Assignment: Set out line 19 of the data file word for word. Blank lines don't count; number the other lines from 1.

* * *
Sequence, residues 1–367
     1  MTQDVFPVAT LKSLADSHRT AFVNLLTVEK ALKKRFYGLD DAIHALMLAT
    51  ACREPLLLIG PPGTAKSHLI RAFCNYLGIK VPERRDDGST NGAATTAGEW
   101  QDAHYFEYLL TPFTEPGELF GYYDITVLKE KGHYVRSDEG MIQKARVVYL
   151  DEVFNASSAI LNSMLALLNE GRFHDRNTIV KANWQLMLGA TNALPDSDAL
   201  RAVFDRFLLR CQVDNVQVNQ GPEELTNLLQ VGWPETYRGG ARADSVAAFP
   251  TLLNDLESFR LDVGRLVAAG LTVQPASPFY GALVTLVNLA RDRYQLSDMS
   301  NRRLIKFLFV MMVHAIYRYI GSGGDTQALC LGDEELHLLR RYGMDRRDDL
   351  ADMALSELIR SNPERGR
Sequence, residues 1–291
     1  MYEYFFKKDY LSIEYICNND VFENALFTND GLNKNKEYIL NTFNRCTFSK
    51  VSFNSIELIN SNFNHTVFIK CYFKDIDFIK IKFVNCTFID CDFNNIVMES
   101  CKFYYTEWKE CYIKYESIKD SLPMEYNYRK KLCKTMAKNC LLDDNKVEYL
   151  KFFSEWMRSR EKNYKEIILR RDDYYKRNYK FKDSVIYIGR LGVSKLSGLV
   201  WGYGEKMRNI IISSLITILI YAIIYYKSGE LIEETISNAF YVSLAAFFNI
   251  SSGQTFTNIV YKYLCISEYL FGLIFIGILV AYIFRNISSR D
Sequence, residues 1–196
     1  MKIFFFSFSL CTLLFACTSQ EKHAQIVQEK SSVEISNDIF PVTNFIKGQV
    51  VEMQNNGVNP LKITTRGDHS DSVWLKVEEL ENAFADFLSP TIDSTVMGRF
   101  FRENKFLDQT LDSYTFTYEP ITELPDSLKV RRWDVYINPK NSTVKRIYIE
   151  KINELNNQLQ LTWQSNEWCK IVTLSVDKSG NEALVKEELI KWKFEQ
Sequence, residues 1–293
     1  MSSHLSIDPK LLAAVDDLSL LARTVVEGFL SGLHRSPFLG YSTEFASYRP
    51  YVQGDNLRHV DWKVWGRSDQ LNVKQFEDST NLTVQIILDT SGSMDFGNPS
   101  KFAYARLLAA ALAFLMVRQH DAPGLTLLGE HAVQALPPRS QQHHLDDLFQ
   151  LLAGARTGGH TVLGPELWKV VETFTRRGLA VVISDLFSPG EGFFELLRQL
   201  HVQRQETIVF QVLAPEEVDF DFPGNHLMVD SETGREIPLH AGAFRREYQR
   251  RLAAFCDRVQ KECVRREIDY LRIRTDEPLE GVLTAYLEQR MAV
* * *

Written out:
    51  VEMQNNGVNP LKITTRGDHS DSVWLKVEEL ENAFADFLSP TIDSTVMGRF